JAIC 1997, Volume 36, Number 2, Article 4 (pp. 143 to 150)
JAIC online
Journal of the American Institute for Conservation
JAIC 1997, Volume 36, Number 2, Article 4 (pp. 143 to 150)




Rhoplex AC-33, Rhoplex AC-630, and Acryloid B-72

Rohm & Haas, Independence Mall West, Philadelphia, Pa. 19105

El Rey Superior 200

El Rey Stucco, 4100 Broadway SE, Albuquerque, N.M. 87105

Carboset 514-H

B. F. Goodrich, Speciality Polymers and Chemicals Division, 9911 Brecksville Rd., Cleveland, Ohio 44141–3247


Union Carbide and Plastics, Solvents and Coatings Materials Division, 39 Old Ridgebury Rd., Danbury, Conn. 06817

Eponex 1510

Shell Oil, PO Box 4320, Houston, Tex. 77210

Jeffamine T403

Huntsman, P. O. Box 219, Conroe, Tex. 77305

Bayhydrol 121

Bayer, 100 Bayer Rd., Pittsburgh, Pa. 15205

Conservare SS-OH and Conservare SS-H

ProSoCo., P.O. Box 171677, Kansas City, Kans. 66117


Union Carbide, 100 Ocean Gate, Long Beach, Calif. 90802

Iodine crystals

Aldrich Chemical, 1001 W. Saint Paul Ave., Milwaukee, Wisc. 53233


Domaslowski, W.1988. The mechanism of polymer migration in porous stones. Wiener Berichte �ber Naturwissenschaft in der Kunst4–5:402–25.

Golikov, V. P., and Z. F.Zharikova. 1990. Analysis of spatial distribution of hydrophobic restoration materials by means of fluorescent probes. ICOM Committee for Conservation preprints, 9th Triennial Meeting, Dresden, Germany. Paris: ICOM. 1:29–32.

Kumar, R., and W. S.Ginell. 1995. Evaluation of consolidants and biocides for limestone in tropical environments. Getty Conservation Institute Scientific Program, Los Angeles.

Talbott, R. R.1982. The fluorescent antibody technique in the identification of protinaceous materials. In Papers presented by conservation students at the Third Annual Conference of Art Conservation Training Programs. Kingston, Ontario: Queen's University. 140–49.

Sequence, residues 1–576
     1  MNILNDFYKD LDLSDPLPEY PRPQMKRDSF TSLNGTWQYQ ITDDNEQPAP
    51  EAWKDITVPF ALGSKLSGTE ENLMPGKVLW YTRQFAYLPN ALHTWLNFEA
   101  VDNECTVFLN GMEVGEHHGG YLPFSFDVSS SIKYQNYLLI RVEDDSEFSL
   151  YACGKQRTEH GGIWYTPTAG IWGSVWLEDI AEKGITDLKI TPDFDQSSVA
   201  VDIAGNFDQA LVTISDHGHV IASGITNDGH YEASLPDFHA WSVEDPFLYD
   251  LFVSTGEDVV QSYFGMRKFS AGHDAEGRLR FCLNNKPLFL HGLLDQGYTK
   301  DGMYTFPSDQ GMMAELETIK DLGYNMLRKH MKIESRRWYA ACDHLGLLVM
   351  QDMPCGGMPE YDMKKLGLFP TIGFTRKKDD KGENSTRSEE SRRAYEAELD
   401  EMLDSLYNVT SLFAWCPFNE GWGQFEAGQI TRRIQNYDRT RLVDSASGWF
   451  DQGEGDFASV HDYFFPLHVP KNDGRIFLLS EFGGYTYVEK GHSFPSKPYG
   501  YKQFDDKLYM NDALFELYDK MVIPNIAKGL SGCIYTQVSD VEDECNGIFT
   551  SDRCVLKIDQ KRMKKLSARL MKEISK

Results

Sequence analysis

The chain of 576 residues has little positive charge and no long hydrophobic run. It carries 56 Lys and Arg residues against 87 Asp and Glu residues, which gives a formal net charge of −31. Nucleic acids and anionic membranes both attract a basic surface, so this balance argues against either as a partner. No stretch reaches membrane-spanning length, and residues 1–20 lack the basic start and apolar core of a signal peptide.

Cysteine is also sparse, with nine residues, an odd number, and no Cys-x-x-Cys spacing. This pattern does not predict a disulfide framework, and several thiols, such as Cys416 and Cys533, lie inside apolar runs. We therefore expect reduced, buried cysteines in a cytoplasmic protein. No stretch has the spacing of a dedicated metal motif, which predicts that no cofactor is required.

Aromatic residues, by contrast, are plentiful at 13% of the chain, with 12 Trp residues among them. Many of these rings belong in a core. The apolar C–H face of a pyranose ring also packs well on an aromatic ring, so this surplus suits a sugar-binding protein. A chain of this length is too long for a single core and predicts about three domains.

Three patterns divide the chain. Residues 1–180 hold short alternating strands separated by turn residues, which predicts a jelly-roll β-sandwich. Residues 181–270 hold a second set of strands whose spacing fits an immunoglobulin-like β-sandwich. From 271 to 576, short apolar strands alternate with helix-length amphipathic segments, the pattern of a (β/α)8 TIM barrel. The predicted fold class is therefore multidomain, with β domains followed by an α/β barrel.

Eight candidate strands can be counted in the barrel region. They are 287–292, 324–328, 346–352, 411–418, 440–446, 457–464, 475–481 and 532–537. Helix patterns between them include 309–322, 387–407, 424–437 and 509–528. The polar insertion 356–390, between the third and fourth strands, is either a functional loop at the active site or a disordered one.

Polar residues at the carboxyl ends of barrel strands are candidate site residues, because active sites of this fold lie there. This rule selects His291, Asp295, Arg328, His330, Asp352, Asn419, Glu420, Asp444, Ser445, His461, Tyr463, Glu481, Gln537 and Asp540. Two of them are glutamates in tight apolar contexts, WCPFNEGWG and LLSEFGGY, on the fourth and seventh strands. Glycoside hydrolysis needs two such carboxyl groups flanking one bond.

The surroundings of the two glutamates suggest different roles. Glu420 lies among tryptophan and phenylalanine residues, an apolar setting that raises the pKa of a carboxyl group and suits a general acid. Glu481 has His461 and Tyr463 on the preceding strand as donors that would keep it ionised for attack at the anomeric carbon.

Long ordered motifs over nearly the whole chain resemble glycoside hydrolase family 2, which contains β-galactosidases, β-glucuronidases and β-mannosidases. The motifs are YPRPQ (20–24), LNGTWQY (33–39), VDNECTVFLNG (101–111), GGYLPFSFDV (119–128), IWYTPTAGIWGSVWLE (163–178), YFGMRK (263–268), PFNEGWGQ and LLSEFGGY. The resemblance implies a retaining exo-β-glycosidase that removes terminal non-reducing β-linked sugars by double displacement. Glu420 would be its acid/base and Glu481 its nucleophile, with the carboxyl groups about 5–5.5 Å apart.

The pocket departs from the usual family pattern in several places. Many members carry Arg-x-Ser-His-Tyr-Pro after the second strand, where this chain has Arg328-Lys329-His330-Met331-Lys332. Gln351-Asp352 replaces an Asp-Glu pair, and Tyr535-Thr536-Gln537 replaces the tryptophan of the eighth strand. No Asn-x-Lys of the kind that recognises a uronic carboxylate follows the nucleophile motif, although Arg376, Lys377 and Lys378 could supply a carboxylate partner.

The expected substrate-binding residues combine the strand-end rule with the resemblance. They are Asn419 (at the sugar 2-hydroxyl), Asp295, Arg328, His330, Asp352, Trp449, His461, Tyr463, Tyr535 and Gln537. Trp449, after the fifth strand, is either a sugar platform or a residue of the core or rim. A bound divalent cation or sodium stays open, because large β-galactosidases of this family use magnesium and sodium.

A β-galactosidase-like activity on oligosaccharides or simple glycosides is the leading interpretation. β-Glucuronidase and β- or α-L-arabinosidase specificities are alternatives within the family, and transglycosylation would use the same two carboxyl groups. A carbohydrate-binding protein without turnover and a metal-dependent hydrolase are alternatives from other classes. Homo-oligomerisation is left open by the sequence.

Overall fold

Wolbers, R., and G.Landrey. 1987. The use of direct reactive fluorescent dyes for the characterization of binding media in cross-sectional examinations. AIC preprints, American Institute for Conservation 15th Annual Meeting, Vancouver, British Columbia. Washington, D.C.: AIC. 168–202.


RAKESH KUMAR received his M.Sc. (1984) and Ph.D. (1989) in organic chemistry from the University of Gorakhpur, India. Since 1997, he has been working as a research associate with the Materials Research Program of the National Center for Preservation Technology and Training. Prior to this he was a conservation scientist (fellow) in the Monuments and Sites Conservation Research section of the Getty Conservation Institute. He worked previously as an academic visitor, during 1991 and 1992, at the Institute of Archaeology, University College, London, and from 1987 to 1992 as an assistant chemist in the Science Branch of Archaeological Survey of India. During past years, his research has primarily been focused on the development of new treatments for the conservation of stone monuments and archaeological sites in tropical regions. However, he has also been intimately involved with many other aspects such as preservation of museum objects and site management. His current research interests are in the development and evaluation of consolidants and biocides for stone conservation. Address: NCPTT, NSU Box 5682, Natchitoches, La. 71497.

WILLIAM S. GINELL received his Ph.D. in physical chemistry from the University of Wisconsin in 1949. Since then he has held research positions at Brookhaven National Laboratory, Atomics International, Aerospace Corporation, and McDonnell Douglas Astronautics Company. He joined the Getty Conservation Institute in 1984 as head of Materials Science and currently is head of Monuments and Sites Conservation Research. His principal research interests are conservation in humid tropical environments, stone conservation, seismic stabilization of historic structures, and architectural conservation. Address: Getty Conservation Institute, 1200 Getty Center Dr., Ste. 700, Los Angeles, Calif. 90049.

Copyright � 1997 American Institute for Conservation of Historic and Artistic Works